She recalled a child who was in her program after their father collapsed. The child thought they had done something wrong—that the problem happened when their father laid on the floor too long, not in their father’s initial fall. Through talking and bibliotherapy sessions, Mary Catherine was able to understand that their parents stressed that there were germs on the floor, so the child thought, “My daddy is sick because he laid on the germy floor for too long” not because there was an underlying heart condition that caused the collapse in the first place. That gave Mary Catherine the opportunity to talk about the function of the heart with the child and explain the fall was no one’s fault and wasn’t caused by an external factor in that moment.

“That’s books. That’s bibliotherapy. It starts with education,” Mary Catherine says. “Education starts with kids through narrative-based books and explanations for them to see [the world] through that third-party.”

Growing Applications
But bibliotherapy isn’t always reading about specific problems and characters experiencing the same scenarios as the patient—and it’s useful for more than just children.

While Jesse is a full-time academic now, he was the 2015-2016 New York Council for the Public Humanities Fellow. During that time, he worked on preliminary research for an experimental bibliotherapy project “Reading for Heath(Care).” He came across a bibliotherapy group held at ECMC Hospital in Buffalo, New York.

“They had this really interesting project that was a partnership between one of the medical psychologists who worked particularly with people with traumatic brain injuries who had partnered with a retired English professor who had come across the idea of bibliotherapy and wanted to do something with it.”

The two partnered to create weekly meetings of reading groups—not necessarily readings directly related to the patients’ experiences, but books the English professor liked or had taught many times before.

“So they would read some Charles Dickens or To Kill a Mockingbird and other kinds of classic, canonical books that you may read in a high school or college English class,” Jesse says. “They would read them chapter by chapter and the English professor would give historical background and the psychologists would be there and direct the conversation to personal connection to the story or emotional things related to the book.”

Fortunately for Jesse, he was working on his dissertation at that time and was able to sit in on the group’s sessions. And fortunately for the rest of us, you don’t need to be a hospital patient or related to one to explore bibliotherapy.

Books Make a Difference - Though the boom of bibliotherapy continues to grow, Mr B’s Emporium of Reading Delights in Bath, United Kingdom, has been offering bibliotherapy sessions in its “Reading Spa” since 2008. Photo Courtesy of Shelley Rodrigo – Creative Commons.

Though the boom of bibliotherapy continues to grow, Mr B’s Emporium of Reading Delights in Bath, United Kingdom, has been offering bibliotherapy sessions in its “Reading Spa” since 2008. Photo courtesy of Shelley Rodrigo, Creative Commons.

Readers can take on bibliotherapy as a solo journey, or find a guide or therapist to work with them, or form a group—like a book club—or any number of other options. The key is for the reader to interact with books in a way that feels helpful.

“It’s completely dependent on the person and their need to feel companioned to gain the courage to try something that may be new or scary or hard,” Mary Catherine says. “Facing emotions is a hard thing. It’s a scary thing.”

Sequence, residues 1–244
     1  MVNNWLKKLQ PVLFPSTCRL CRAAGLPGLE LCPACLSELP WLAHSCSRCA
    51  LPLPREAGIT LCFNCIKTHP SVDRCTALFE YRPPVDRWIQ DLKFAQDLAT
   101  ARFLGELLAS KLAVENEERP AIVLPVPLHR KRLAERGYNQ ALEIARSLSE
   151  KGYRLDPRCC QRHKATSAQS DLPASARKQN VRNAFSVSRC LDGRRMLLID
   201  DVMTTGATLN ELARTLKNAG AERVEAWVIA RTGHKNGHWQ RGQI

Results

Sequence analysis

Jesse agrees that it’s a deeply personal affair but notes the ever-growing community of Internet bibliotherapists as an interesting side effect of the modern popularity of bibliotherapy.

“In the past 15 or 20 years there has been a general resurgence of the idea of bibliotherapy. Along with that there is a mushrooming of people who call themselves bibliotherapists, who you can pay a certain amount of money to and they will give you certain recommendations,” Jesse says.

He believes this phenomenon is related to the growing interest in self-care and well-being in general, and that books are getting wrapped up in that boom as one tool available to make ourselves feel better.

While he’s unsure of the true value of hiring a bibliotherapist, Jesse maintains the research supports the importance of reading.

“As librarians were trying to advocate for the usefulness of bibliotherapy starting in the 1920s and 1930s, they were continually brought up against the fact that they didn’t have evidence for the therapeutic value. They had the anecdotal evidence, but they didn’t have the scientific proof. Is it just an art or is it a science? It is make-believe or is it a thing?” Jesse says. “Out of that, you begin to see increasing research being done by librarians but also by psychologists that happens over the course of the twentieth century. They are trying to produce data that what kinds of books work, and answer the question ‘Does this really work?’”

One place that the research backs the claims is in early childhood education, Jesse says. In the days of early development, bibliotherapy and discussion can help kids to navigate confusing social and emotional issues—like Mary Catherine does in her work every day.

But still, bibliotherapy for all ages can feel like an obvious treatment to book worms. Of course, books help us. Of course, they are important. How could they not be? If relaxing with a good book and a cup of tea is my go-to, then it ought to be considered therapy, right? It feels like an innate solution.

“[Bibliotherapy] feels like something you already knew about intuitively even before you knew the term,” Jesse says. “I think it’s true that there is a popular conception that literature today is therapeutic. That you might study books in middle school, high school, or college, and you might study them closely. But when people read for pleasure because it’s a form of entertainment, it also provides some kind of important emotional experience that helps us to better understand our own emotional experiences to connect with those of someone else. That’s not how we’ve always thought about reading. It’s a fairly modern way.”

Modern thinking often calls to mind needless complexity. Frequently, people yearn for “the simplicities of the past.” Though it’s not really accurate, the draw people feel to the past as a simpler time is understandable, as it’s a time less reliant on technology and more focused on well-being and interpersonal connections. That may be what is so appealing about bibliotherapy in the first place: All you need to begin is a book.

H.R. Gordon is an author and the cohost of the Stems & Stories podcast. She writes fiction and nonfiction for adults, primarily in the historical, fantasy, and magical realism genres. She is also the publications manager at Elva Resa Publishing. She welcomes connections on all major social media platforms @HR_Gordon.

Read more about how the idea for Scarlet Says Good-Bye came about and the impact it’s having in the community.

The article was first published May 2021.